Monday, 6 March 2017

How To Buy A Comic - It isn't always that easy!

(Part of this piece is true and part is not. This will be the basis of this new column series going forward. It is also based on almost 40 years of going in to Comics Shops and finding that little has changed. The truth has been 'reconfigured' to suit my rant. See if you can spot it as it dances about in the vinegar?) 

OK. This is going to be fairly easy. However, if you think that 'Saga' or 'Afterlife With Archie' are the best books ever written you might need to find your mummy and get her to help you (she's probably down the pub blowing hobos for loose change btw).

Stage 1.

Find a shop that sells comics. A not altogether easy task, something akin to finding a virgin in Croydon. But remember this does include charity shops and they can be found on most high streets - if you live in the Medway Towns they are situated adjacent to the PoundWorld. (Not that comics stall at The South Bank in London - anyone who sells 'Troll: The Halloween Special' for £7.50 needs shooting!)

Stage 2.

If you are one of the lucky few who has a Comic Shop nearby then head in. Nod at the staff who will probably ignore you and then begin to scan the shelves.

Remember that most people who work in comics shops are better than you. Serving or helping you is well below any priority they may have for the day. Listen to them talk. They drone on about anything except comics. They mostly talk about what they are having for lunch, that cool band they saw online, that they feel 'Reeeeaaallly hung over' and what time they are going home. They all believe that they are not destined to work in a shop and that they should be artists/musicians/poets/insert shit here (and so on).

It is important to be safe. Remember that an awful lot of crazy people head in to Comic Shops. One could come in, pull all the copies of 'Great Lakes Avengers' off the shelf, drop their trousers, do a huge dump on them and run out (although to be fair this is a thought that I often have about 'Great Lakes Avengers' whenever I see it!) All the shop Staff will completely fail to act in any useful way and then as if a reason for their inaction complain about the poor state of mental health care in the UK - like the have been programmed to say this by their cool friends. Shoplifting is also common but I'm sure this has something to do with failings in the Welfare State (and not rampant greed and heroin addiction?) 

WARNING - The shop may have a Small Press event going on. If so you will see shambling zombie like bearded characters (men and women). These people all know each other. They also do not buy anything and/or know about current comics. Do not make eye contact. If you have an ironic hat, shitty tattoos or have problems with actually changing your clothes every single day they may be confused and speak to you. Do not make eye contact. Confuse them by mentioning Syd Barrett or Bowie and leg it!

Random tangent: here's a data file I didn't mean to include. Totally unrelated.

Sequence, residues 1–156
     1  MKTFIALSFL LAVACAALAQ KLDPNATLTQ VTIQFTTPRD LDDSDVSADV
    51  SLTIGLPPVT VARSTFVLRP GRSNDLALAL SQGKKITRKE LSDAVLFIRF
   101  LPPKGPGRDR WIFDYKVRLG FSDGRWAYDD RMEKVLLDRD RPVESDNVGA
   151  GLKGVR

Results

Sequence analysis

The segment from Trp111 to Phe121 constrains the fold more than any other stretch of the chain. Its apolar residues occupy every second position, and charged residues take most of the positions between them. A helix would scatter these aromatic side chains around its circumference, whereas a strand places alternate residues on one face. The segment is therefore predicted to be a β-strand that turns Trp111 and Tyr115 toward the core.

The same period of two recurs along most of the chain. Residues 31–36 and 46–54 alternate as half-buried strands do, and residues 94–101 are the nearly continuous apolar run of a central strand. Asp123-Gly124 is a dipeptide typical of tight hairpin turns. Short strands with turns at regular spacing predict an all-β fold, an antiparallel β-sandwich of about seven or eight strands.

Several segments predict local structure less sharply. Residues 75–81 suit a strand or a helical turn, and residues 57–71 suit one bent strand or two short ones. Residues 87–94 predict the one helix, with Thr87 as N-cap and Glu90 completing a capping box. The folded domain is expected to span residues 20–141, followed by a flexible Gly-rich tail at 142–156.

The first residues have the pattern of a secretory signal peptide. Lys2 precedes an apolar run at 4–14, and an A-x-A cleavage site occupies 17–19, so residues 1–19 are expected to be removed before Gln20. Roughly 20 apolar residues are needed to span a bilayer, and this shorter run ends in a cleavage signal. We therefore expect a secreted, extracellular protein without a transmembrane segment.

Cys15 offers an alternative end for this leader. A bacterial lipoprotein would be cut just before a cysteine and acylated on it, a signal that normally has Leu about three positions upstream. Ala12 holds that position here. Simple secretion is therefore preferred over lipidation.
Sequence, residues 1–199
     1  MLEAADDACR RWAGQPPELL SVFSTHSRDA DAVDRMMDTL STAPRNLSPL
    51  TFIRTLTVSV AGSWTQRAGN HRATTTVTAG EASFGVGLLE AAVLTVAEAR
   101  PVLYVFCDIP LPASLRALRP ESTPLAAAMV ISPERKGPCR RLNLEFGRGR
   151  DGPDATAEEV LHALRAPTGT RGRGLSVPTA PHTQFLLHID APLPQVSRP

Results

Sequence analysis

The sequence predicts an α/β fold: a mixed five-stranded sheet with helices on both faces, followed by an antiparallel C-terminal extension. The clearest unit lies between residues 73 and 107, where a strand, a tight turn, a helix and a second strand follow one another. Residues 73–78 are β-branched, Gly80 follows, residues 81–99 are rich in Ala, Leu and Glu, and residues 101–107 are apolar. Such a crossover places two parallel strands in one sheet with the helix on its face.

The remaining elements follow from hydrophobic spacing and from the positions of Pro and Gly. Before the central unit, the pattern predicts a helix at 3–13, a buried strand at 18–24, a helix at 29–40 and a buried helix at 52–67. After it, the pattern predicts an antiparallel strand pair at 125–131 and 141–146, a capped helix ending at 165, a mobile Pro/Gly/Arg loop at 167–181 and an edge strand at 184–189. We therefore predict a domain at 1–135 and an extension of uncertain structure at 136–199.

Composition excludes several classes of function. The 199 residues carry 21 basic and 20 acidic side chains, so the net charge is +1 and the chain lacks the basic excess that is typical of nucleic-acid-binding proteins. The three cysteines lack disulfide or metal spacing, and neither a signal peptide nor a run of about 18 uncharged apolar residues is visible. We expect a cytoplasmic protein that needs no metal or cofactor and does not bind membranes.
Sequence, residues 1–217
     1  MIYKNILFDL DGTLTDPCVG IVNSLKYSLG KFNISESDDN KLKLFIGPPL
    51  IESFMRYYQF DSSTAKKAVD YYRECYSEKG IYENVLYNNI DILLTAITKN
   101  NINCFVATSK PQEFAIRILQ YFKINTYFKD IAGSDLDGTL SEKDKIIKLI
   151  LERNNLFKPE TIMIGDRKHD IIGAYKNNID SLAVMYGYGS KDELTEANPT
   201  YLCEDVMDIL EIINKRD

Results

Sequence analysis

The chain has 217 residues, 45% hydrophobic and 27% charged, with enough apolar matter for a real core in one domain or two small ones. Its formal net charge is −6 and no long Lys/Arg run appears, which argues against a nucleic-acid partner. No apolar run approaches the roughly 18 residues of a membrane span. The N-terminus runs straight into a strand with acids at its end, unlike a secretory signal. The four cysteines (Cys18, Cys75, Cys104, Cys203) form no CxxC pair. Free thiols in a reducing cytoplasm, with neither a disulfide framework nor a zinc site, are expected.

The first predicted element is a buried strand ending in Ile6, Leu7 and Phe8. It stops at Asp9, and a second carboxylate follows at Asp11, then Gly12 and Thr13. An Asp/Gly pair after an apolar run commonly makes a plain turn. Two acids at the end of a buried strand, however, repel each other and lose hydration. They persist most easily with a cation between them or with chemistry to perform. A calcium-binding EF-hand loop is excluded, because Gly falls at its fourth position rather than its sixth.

Think about what you like. Don't think about what you think you should like because someone has told you it is cool. These are the Devil's thoughts. He is playing with you. Beelzebub and the Demons of Advertising are trying to hook you in.... 

Sure, 'I've heard that Squirrel Girl is well written.'


IT IS NOT. (Well, not really.)

It is a load of hyped and cutesy guff that people pretend is good. It's like that indie band who lasted two albums and NME kept saying were geniuses. It's like that art house movie about staring at the sea.


Being a comics fan is all about seeing past the bullshit. Recognising what is really actually good and seeing through the veil of mundanity that masquerades as 'event comics'. Read what you like - plain and simple.

Comics are also a fiction. Also normally set in a fictional world full of fantastical beings and unreality. This is neither the real world or a world that needs to be a battleground for agendas. It is about stories. Stories of all kinds. It is not an axe to grind, unless that particular axe fits into the story you are telling. Don't force your real world agendas into the pages of these fictions. If you do you will be constantly disappointed. If you are looking to satisfy your political agenda by reading comics you will be sorely disappointed. (On the Planet Krypton they think you are a boring cunt too).

If you are the sort of chap or chick (wink) who looks for comics purely based on the gender/race/sexuality/species/political background of the inker/what online stores the editor likes/what newspaper the office manager reads/that it's a comic created by bears who were used to test bubblegum etc (etc, etc, etc, etc) then I wish you luck in your next hobby. 'Cos you ain't gonna last long in this one.

Likewise , if you are the sort of reader who is worried about damage to the staples or a slight curl in the cover paper then there are a couple of easy steps you should take.

a. Put the comic back.

b. Leave the store.

c. Hand your computer in at the local police station. (They may also be interested in any storage devices you have hidden?)